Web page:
Whining is Not a Strategy!

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In our strategic leadership workshops, we often hear from people some version of “But so and so won’t let me …” or “I’ve complained many times about our company’s … ” or “Our organization is so messed up that …” to which we sometimes say (kindly of course  Whining is Not a Strategy! strategy 2 leadership emotional intelligence decision making communication appreciative inquiry  that “Whining is not a strategy.” If you are whining or looking at what is wrong, you cannot see opportunities and will not develop your skills. If, for example, you don’t think you are being provided with enough clarity about your job, instead of continuing to complain about or ask, over and over again, for clarity, ask yourself what you could learn about dealing with ambiguity. That will definitely lead to your next opportunity to learn and grow which is indeed a better strategy than whining!

Waiting for I’m Sorry

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In today’s VUCA (volatile, uncertain, complex and ambiguous) work environment, the potential for pain can be high despite the best intentions of good leaders and the actions of misguided or unprepared leaders. Stuff happens, it’s not addressed and people start to carry around a heavy load of pain and frustration.

For me the way through that is an inner journey of forgiveness which sets us free and is completely in our control. Forgiveness is a choice to recognize that those who have hurt us are human, they make mistakes, and that hanging onto our anger and sense of “what’s fair” just keeps us stuck. 

Reconciliation, while powerful, is a nice to have but because it involves communication between people is messy and complicated. Often it’s simply not possible because one party isn’t willing to do so. And if you reconcile without forgiveness you live in anticipation of the next “hurt”, an uneasy and fragile space to occupy.

Waiting for an I’m sorry or for someone to hold the offender accountable, or to reconcile with someone who’s not willing or able sucks the life out of us. Forgiveness, while indeed challenging, breathes life into us. 

And it is a choice we can make at any time.

Go First

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When it comes to building or rebuilding trust, there comes a point when someone needs to have the courage to go first, let down their guard and defense mechanisms and be vulnerable. Revealing what is REALLY happening for us creates the opening for trust to be built.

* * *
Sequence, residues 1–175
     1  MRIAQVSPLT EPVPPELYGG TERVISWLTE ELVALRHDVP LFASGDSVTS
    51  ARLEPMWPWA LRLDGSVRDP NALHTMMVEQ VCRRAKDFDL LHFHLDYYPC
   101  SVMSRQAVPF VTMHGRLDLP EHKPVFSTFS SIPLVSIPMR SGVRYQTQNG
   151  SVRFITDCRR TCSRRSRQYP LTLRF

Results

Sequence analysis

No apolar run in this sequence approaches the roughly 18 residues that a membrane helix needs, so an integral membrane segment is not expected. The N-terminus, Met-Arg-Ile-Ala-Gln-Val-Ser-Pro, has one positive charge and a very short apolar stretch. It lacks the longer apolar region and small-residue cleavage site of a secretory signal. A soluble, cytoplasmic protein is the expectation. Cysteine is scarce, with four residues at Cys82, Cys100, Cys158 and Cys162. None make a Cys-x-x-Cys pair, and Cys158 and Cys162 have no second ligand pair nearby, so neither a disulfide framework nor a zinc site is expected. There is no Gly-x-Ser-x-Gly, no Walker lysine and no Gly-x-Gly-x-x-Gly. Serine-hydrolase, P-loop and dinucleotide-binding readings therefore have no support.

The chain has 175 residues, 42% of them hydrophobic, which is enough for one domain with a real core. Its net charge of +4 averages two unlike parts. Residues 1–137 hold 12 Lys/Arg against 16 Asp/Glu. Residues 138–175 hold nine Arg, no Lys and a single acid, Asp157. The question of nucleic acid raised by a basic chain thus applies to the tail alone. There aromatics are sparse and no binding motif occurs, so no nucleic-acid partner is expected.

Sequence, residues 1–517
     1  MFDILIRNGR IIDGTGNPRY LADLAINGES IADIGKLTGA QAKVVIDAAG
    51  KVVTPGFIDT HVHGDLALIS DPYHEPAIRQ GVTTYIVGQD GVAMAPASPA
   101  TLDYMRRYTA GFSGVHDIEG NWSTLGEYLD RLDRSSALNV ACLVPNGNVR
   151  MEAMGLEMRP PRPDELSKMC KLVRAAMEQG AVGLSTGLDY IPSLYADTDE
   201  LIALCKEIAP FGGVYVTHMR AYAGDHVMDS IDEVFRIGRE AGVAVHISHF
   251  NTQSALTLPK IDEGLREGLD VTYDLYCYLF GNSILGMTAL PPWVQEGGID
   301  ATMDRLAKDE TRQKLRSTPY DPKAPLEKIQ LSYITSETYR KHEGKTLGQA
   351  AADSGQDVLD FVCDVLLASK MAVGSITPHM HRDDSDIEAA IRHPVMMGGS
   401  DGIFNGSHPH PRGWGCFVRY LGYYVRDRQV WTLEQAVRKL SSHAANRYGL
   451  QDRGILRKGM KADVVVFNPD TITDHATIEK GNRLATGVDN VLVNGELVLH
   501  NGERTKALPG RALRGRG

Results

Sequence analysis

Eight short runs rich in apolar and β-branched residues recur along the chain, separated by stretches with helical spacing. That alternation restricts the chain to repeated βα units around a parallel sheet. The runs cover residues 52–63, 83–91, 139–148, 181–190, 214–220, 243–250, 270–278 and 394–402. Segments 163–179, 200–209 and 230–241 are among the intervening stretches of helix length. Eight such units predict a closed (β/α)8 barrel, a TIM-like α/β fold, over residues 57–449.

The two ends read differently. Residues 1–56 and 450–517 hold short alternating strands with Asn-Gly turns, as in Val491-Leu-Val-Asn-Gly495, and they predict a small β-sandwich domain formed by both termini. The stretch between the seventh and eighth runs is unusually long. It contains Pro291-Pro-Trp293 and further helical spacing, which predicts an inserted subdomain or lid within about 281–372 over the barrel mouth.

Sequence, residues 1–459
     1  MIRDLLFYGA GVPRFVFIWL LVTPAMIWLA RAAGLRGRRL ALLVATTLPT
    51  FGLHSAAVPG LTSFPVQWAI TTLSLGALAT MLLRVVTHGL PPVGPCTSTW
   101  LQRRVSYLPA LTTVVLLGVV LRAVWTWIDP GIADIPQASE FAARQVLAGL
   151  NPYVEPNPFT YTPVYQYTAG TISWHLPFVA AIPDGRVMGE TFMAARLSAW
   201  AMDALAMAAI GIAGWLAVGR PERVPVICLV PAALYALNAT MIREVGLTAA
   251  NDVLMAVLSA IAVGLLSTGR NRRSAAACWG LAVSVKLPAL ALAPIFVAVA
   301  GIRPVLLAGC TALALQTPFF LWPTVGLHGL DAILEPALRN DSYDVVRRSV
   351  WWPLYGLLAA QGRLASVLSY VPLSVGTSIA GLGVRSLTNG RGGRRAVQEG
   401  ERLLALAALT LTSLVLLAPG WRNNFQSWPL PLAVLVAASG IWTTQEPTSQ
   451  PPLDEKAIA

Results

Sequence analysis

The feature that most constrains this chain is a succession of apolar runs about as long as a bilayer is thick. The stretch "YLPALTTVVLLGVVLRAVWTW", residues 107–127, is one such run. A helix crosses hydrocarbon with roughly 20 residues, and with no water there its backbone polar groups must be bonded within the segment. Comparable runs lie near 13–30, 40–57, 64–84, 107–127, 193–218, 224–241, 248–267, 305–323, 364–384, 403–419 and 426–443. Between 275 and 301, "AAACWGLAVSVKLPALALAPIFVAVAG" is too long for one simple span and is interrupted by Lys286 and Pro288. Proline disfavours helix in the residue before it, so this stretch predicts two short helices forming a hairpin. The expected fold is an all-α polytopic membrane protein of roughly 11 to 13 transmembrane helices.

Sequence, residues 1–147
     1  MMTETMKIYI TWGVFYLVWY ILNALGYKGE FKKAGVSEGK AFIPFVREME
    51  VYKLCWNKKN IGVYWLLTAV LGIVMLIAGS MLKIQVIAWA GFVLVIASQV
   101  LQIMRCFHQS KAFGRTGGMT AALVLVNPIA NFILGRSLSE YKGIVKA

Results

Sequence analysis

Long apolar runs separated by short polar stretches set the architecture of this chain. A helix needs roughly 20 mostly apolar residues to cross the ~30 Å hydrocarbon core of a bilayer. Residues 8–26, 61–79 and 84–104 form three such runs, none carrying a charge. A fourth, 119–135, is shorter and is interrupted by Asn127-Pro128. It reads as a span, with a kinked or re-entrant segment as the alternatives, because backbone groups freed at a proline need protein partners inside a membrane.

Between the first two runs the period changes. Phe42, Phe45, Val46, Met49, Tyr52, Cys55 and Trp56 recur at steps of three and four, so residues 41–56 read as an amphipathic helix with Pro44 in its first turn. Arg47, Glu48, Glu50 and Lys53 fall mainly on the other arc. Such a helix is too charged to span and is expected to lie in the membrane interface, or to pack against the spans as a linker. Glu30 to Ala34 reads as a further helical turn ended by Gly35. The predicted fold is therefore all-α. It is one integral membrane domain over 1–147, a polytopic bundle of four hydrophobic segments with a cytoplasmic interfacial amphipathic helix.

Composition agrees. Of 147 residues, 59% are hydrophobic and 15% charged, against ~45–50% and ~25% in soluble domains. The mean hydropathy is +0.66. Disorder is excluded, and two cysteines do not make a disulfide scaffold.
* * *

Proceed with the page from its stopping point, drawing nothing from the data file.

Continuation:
We often get asked “why should I go first?” Because if you don’t, your world becomes smaller and smaller and the one who suffers is you.

Silence Is Not A Problem To Solve

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Learning to manage anxiety in the presence of silence is another insight from the work of Weisbord and Janoff. As they suggest, “We are mindful that each time we break the silence, we deprive someone of a chance to make a valuable observation.” Waiting even 10 seconds will seem like an eternity, but it allows people to experience whatever is happening and come up with insights about what’s next.

State The Obvious

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I am a big fan of Weisbord and Janoff, creators of Future Search, and learned much about facilitation when I took their training. Their new book Lead More, Control Less applies their years of experience to leadership, and offers great insights.

One of their concepts is how to handle one’s anxiety when leading meetings. Often we try to rush to solution or tell people what to think. Stating the obvious signals you’ve heard people and actually eases your own anxiety. It also eases anxiety for others. State the obvious and pause. In my experience someone will come up with the next step for the meeting.

Letting Go Of The Right Way

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I have had the honour of working with many talented leaders who are so people oriented that they drive themselves crazy trying to ensure people are happy. These leaders often have to make tough decisions, though, and it’s not possible for everyone to be happy all the time.

Even though intellectually I think most of these leaders know this, they still keep thinking that if they had done something different, people would be happy.

They won’t be – there is no one right way. That’s the reality of work and life – there is pain at times. Helping everyone accept this might just start to ease people’s suffering.

Tell a different story

The way we talk about our situations really does contribute to the outcome. What are your “favorite” stories and how do they help or hinder you?

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Change your shoes

We can become entrenched in our attitudes and beliefs. Change viewpoints … assume you are one of your team members and watch your energy shift. If you are having difficulty with this one, find a pair of shoes that are quite different and walk around in them for a while. Symbolically this might help you shift your perspective and energy and communicate differently with your team members.

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Today’s blog is based on the 4 of diamonds, a communications teamwork tip from our Teamwork Explorer.

Go on a story walk

I was inspired to read about Hubspot’s CEO, Brian Halligan, who takes employees on off site “story walks” to build trust and organizational culture.

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Gnarly roots

While out walking on the beach a month ago, I ran across this fallen tree with the most amazing gnarly roots. It reminded me of the complexity of interpersonal communications on some teams. We sometimes need a lot of patience to unravel issues and get back on the same page.

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